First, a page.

44. Nijhof IS, Casneuf T, van Velzen J, van Kessel B, Axel AE, Syed K, et al. CD38 expression and complement inhibitors affect response and resistance to daratumumab therapy in myeloma. Blood (2016) 128:959–70. doi: 10.1182/blood-2016-03-703439
45. Krejcik J, Casneuf T, Nijhof IS, Verbist B, Bald J, Plesner T, et al. Daratumumab depletes CD38+ immune regulatory cells, promotes T-cell expansion, and skews T-cell repertoire in multiple myeloma. Blood (2016) 128:384–94. doi: 10.1182/blood-2015-12-687749
46. Jager V, Bussow K, Wagner A, Weber S, Hust M, Frenzel A, et al. High level transient production of recombinant antibodies and antibody fusion proteins in HEK293 cells. BMC Biotechnol. (2013) 13:52. doi: 10.1186/1472-6750-13-52
Keywords: complement-dependent cytotoxicity, CD38, multiple myeloma, nanobody, heavy chain antibody, antibody engineering, biparatopic antibodies
Citation: Schütze K, Petry K, Hambach J, Schuster N, Fumey W, Schriewer L, Röckendorf J, Menzel S, Albrecht B, Haag F, Stortelers C, Bannas P and Koch-Nolte F (2018) CD38-Specific Biparatopic Heavy Chain Antibodies Display Potent Complement-Dependent Cytotoxicity Against Multiple Myeloma Cells. Front. Immunol. 9:2553. doi: 10.3389/fimmu.2018.02553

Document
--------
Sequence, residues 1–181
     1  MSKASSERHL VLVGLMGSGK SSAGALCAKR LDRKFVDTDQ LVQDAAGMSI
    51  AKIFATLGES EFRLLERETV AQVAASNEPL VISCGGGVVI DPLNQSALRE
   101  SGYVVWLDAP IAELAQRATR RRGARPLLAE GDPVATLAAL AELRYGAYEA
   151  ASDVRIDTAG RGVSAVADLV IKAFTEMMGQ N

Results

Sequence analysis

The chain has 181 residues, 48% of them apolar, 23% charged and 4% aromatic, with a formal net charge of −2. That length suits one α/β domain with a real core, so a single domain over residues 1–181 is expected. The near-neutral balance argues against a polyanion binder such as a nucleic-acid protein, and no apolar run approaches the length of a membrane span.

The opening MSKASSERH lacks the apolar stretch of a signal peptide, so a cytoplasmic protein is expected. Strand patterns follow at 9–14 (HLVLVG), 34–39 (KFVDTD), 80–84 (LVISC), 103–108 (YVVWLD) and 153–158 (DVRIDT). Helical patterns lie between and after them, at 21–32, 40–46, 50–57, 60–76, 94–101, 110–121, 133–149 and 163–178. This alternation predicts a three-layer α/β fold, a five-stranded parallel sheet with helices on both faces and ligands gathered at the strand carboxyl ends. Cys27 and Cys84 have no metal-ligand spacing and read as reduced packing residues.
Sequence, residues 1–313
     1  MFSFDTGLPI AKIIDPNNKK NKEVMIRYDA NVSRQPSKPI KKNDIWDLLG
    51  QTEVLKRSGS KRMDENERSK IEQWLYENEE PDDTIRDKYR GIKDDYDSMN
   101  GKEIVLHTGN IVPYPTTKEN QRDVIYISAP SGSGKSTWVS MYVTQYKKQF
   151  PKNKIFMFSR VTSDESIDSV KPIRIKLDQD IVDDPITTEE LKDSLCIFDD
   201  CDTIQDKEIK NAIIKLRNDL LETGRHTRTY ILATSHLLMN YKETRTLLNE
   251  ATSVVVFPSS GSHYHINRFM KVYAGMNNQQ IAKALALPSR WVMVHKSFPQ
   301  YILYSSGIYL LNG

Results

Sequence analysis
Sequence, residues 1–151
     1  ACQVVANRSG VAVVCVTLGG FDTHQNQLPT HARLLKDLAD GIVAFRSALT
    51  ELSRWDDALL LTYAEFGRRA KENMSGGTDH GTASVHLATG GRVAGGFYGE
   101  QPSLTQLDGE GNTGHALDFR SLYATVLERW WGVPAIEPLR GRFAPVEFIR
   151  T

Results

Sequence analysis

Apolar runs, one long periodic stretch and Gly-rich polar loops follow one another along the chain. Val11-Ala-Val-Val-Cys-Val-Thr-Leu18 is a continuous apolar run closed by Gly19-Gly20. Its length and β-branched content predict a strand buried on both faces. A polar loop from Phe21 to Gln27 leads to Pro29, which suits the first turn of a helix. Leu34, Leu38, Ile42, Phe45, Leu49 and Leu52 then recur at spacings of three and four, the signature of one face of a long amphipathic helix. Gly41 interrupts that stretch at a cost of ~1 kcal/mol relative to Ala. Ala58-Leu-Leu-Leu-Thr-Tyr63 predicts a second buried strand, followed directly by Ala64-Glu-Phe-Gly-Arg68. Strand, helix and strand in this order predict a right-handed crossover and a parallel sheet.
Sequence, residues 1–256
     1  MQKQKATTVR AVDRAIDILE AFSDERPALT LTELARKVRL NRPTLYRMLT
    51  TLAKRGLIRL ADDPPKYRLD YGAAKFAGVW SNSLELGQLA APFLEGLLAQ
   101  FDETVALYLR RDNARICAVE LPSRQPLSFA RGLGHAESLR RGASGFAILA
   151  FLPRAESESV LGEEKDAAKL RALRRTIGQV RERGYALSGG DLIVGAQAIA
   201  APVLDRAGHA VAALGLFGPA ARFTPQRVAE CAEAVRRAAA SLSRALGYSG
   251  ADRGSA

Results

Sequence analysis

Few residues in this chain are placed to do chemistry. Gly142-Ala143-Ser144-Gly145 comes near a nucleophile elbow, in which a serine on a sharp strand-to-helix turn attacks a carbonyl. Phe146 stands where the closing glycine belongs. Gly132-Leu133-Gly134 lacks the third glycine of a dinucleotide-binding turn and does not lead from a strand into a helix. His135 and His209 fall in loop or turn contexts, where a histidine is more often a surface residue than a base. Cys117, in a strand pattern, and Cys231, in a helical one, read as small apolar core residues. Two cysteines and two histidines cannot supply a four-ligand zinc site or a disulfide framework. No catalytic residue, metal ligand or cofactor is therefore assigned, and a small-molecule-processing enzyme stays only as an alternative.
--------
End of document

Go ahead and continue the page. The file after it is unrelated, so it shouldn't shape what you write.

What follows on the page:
Received: 30 July 2018; Accepted: 17 October 2018;
Published: 19 November 2018.
Edited by:Nicola Giuliani, Università degli Studi di Parma, Italy
Reviewed by:Paul W. H. I. Parren, Lava Therapeutics B.V., Netherlands
Torben Plesner, Vejle Sygehus, Denmark
Copyright © 2018 Schütze, Petry, Hambach, Schuster, Fumey, Schriewer, Röckendorf, Menzel, Albrecht, Haag, Stortelers, Bannas and Koch-Nolte. This is an open-access article distributed under the terms of the Creative Commons Attribution License (CC BY). The use, distribution or reproduction in other forums is permitted, provided the original author(s) and the copyright owner(s) are credited and that the original publication in this journal is cited, in accordance with accepted academic practice. No use, distribution or reproduction is permitted which does not comply with these terms.
*Correspondence: Friedrich Koch-Nolte, firstname.lastname@example.org
†These authors have contributed equally to this work
‡These authors share senior authorship